A: I sat down with the audio department when we began this game. I’m like, okay, listen, we’re going to make this game sound a lot different. It’s not only going to look a lot different, we’re revamping the engine in order to make this game look amazing. But we want it to sound and feel different as a result – it’s not just what it looks like, it’s that auditory experience of that crack of the weapon, that ricochet sound off in the distance, that grenade going off next to you, totally blowing your eardrum and making the ground thunk amazingly. We definitely put a huge amount of effort into revamping all of the sounds within the game – so those things you’ve come to know and love, the sound of the Warthog engine or the sound of the assault rifle, they all got great big facelifts in this game and sound great as a result.
Q: How much of an influence was the competition – Call of Duty – to emphasize more realistic soldiers. They’re getting hyper realistic now.
A: As much as we wanted to make things feel better, we always focus on making sure that it is for the betterment of making the game-play experience better. It’s never to try to replicate something in real life necessarily. We definitely wanted to make the characters feel a lot more believable and make their performance on the battlefield and in cinematics a lot more believable as well. So we definitely put a ton of effort into brand new animation systems for the game and new engineering under the hood for the graphics engine and that animation system, for AI so the characters behave smarter on the battlefield as well. We took great efforts across the board in all of these areas to make sure those performances of characters came to life a lot better.
Honestly it was all for us because we wanted to make sure what we’re doing for the game is the best quality we can possibly put out there. Certainly we want to be able to compete against all of these other games that are coming out. We know there are some really amazing games coming out so we needed to stand toe to toe with them. It’s not replicate anything they’re doing, it’s to make sure what we’re doing is for the betterment of the gameplay experience. Also just for the quality of this franchise – we care about that and want to make sure we put out the best quality product we possibly can.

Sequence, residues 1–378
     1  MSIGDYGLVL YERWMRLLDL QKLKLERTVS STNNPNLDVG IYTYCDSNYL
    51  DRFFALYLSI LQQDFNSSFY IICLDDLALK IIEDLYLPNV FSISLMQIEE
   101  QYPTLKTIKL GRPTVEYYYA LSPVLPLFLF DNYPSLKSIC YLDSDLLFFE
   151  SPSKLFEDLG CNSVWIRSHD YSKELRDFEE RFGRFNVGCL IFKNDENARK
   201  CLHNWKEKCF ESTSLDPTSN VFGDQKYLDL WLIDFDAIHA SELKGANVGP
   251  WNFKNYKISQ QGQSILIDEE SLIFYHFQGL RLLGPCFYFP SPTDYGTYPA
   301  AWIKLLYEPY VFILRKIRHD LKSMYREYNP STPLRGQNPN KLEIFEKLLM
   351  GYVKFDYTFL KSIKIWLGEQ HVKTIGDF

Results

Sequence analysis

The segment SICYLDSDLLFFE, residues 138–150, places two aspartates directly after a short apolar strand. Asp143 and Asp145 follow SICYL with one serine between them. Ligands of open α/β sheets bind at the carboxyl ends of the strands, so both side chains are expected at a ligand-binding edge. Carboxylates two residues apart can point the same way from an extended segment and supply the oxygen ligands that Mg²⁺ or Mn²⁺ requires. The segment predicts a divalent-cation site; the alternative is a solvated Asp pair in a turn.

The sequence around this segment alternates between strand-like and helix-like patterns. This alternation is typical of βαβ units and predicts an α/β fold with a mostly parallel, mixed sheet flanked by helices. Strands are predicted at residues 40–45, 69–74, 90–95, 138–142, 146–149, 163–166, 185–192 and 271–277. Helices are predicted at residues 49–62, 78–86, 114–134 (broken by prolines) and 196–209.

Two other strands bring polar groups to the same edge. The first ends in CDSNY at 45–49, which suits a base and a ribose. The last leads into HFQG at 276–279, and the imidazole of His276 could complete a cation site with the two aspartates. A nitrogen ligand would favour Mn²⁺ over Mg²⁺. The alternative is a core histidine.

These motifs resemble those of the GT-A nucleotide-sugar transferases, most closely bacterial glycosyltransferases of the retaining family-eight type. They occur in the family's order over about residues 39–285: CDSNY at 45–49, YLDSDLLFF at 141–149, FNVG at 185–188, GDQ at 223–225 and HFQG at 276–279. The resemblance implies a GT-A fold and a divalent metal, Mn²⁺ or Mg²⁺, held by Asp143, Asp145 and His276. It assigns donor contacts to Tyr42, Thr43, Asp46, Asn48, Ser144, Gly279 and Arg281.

Q: I noticed a lot more polish on things – details like the Warthog’s dashboard.
A: Yeah. It was hard for us too because you know with Halo 1, 2 and 3, sure the battlefield got a little bit bigger and things got a little bit more complex. But honestly with Halo 3 things got so complex we actually had to shrink the battlefield down just a little bit because we couldn’t actually push that many polygons and render that many textures on the screen. So this time we’re going to explode that view, we’re going to bring it open far bigger than what we’ve ever done before. In addition we’re going to pack twice as much detail into it.
Q: How do you do that?
A: I sat down with the engineering team and they scratched their head for awhile and they’re like, “Marcus you’re crazy, what are you asking for here? This is insane – to do that is directly at odds with what we can currently do with the engine.” So we retooled the engine. We came up with brand new level of detail systems that allow us to render things much further than we’ve been able to – not only with objects we place in the scenes but with the environment geometry itself. It’s a different beast as far as content is concerned. We created those environments so we have much longer distance views than you’ve ever been able to see. We put a new level of detail system into our AI system as well … we put up to 60 AI in a scene. We could only do 20 before. So now we have tons of characters out there, there’s all kinds of fun things to do in the sandbox as you play through the game as a result. You’ve got a lot of different opportunity to attack and encounter as well.
Q: You got all that onto one disc?
A: Amazingly enough we were able to cram it all into one.